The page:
You know how sometimes you read a blog and it sounds professional bordering on uptight? I’m afraid my blog sounds like that too often. I like James Altucher’s blog better than mine. Here’s an excerpt from his March 27 post. Just under a picture of him with Craig Newmark, founder of Craigslist, you read:
I don’t think Craig wanted to talk to me. For one thing, I smelled.
I woke up late and rushed out to get to the “Women Entrepreneurs” breakfast where Craig Newmark, founder of Craigslist was speaking.
There were about 40 women there, Craig, and then me. I crashed the breakfast.
I had some questions for him. But he kept angling away from me. Don’t think I can’t read the body language, Craig!
I’ve seen James speak at a conference. He’s rambling and personable. I am not always crazy about the rambling, but I love the personable. I aspire to the personable.
When creating content for your online products, services, and marketing materials it can be easy for us to become stale, boring, and out of touch with your audience (or mine) — to the point that they can no longer relate to you (or me). I hate that. So here are some ideas we can use to be more human in our content (or let our humanity shine).
Tell Your Story
Starting from your customer’s perspective, tell your story with them in mind. You can speak to them from the voice of a customer yourself. After all, why did you create the products or services that you did? Did you do it because you needed them yourself? How did you discover the need for your product or service? Why you? Stay in the perspective of the customer during the story and they will relate to your offerings better.
Don’t Be Pretentious
Instead of using jargon and “corporate” speak, talk to your audience members as if they’re your equals and you’ll become more human to them. You should do this because they are your equals, even if they don’t know as much about your product of service as you do. It will also give you a chance to show your personality to them. While you do want to be a thought leader and a teacher, you don’t want to appear as a know-it-all and boring.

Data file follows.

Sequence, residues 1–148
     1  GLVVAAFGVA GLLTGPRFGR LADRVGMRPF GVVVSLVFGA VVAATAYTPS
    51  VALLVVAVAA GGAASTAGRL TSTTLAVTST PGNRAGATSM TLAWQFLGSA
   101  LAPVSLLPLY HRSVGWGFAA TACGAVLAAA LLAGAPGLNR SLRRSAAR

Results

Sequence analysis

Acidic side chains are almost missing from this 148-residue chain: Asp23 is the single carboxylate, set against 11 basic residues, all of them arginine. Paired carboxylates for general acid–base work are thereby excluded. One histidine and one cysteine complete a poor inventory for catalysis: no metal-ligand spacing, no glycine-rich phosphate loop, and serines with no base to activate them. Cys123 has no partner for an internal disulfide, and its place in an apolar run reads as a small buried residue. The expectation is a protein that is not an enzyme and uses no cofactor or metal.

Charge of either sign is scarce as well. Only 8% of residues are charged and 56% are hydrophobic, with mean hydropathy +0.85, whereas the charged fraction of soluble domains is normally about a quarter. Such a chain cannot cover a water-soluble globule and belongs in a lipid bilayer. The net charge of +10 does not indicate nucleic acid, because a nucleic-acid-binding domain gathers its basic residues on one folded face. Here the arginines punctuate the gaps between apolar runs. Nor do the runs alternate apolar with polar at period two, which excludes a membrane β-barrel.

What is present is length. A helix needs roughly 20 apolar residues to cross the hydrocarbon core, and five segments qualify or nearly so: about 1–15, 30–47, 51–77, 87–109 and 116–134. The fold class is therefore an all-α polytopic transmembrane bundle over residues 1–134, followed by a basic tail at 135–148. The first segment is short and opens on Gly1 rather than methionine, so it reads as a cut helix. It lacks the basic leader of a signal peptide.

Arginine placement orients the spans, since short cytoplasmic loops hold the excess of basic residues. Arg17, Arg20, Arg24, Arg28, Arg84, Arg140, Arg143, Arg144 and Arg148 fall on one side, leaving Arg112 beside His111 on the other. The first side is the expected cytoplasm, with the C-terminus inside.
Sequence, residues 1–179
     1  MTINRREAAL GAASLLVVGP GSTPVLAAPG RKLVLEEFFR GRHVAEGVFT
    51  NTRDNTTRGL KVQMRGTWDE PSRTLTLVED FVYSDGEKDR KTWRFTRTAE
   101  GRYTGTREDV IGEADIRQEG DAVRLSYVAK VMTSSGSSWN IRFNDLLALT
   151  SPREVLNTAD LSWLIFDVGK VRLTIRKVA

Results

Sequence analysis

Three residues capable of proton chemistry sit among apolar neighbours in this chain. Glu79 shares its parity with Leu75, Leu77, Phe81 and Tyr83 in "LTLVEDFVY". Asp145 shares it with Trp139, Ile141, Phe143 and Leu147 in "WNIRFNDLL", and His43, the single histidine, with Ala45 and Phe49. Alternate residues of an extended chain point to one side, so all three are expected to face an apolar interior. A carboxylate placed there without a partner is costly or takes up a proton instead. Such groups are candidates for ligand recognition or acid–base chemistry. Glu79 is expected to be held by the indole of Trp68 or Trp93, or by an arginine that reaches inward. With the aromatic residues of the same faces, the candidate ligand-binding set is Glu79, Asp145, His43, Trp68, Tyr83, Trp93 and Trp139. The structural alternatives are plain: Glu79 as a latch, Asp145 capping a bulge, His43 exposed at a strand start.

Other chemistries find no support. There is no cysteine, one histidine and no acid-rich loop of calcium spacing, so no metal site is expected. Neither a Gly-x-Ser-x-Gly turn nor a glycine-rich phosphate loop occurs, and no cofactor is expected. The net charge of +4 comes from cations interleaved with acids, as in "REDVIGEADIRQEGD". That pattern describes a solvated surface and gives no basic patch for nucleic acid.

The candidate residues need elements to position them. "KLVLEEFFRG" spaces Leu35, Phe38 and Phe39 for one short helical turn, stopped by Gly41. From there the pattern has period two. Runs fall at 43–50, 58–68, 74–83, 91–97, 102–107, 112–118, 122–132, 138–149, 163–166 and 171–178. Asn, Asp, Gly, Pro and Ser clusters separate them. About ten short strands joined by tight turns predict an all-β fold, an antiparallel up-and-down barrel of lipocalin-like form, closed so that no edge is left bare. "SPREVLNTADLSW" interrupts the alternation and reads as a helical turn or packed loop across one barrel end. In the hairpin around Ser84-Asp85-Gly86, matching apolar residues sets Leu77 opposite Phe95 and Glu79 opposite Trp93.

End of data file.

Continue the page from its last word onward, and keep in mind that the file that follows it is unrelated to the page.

Stay up-to-date on your industry so that you can remain relevant. Don’t stick to the old ways of doing things long after it’s not being done any longer. Pay attention to what’s coming down the pike and you’ll always stay on top of your niche and be relevant to your audience.
Use Plain Language
Speak to your audience as if you’re talking to a good friend. Write how you talk. No need to use bigger words than you would normally use. If it helps, get some voice to text software and talk your blog posts and content. I write on a Mac and if you double tap the fn key, a mic will pop up and you can dictate. It works pretty darn well. Not perfect, but…
RANT: I’ve used the Dragon software, both PC and Mac versions, for years, and they consistently disappoint. Editing the transcript can take long as dictating. And each iteration they’ll advertise something like “30% more accurate than before.” That may be true, but they’re still below the minimal acceptable threshold for accuracy. This is true if you buy the most expensive versions or the cheap ones. I’ve tried several versions of both.
Focus on Your Audience
No matter what you are writing, blogging, vlogging, and doing, it’s always supposed to be about your audience. They need to know what’s in it for them, and to keep the focus on them over yourself. Instead of seeking to glamorize yourself and put yourself above them, put them on a pedestal and make it all about them at all times.
Make Each Word Count
Once you finish writing a piece of content, edit it for extraneous words. Pare it down so that your writing is concise and to the point. Try writing shorter sentences instead of long-winded sentences. In addition, don’t make paragraphs too long and keep each blog post to one narrow focus. This is such a struggle for me. I have a degree in English literature and went to graduate school in English lit. The writing’s not better, it’s just different, and I fall back into old habits. My WordPress plugin is always telling me to shorten my sentences, stop using big words. I do what I can.
Keep One Voice across Channels
Regardless of which channel you’re promoting your content on, it’s important that you know what your voice is. The tone, voice, and feeling of what you put out to the world should feel the same whether they read it on your blog or read it on LinkedIn. You need to be mindful of context, of course, but you want to sound like the same person. In literature, if the text tone/language is too different, we assume that someone else wrote it. You don’t want to sound like someone else is writing for you.
Include Appropriate Images/Imagery
With any content, you can get your point across easier if you use images. Sometimes a concept is just easier to express with an image and other times the image just helps set the mood and tone for the entire post.
You can incorporate more humanity and personality into your content by remembering who your audience is and who you are. Seek to be yourself, while also delivering great content to your audience. If you have other suggestions for keeping it helpful and simultaneously keeping it real, please comment and share.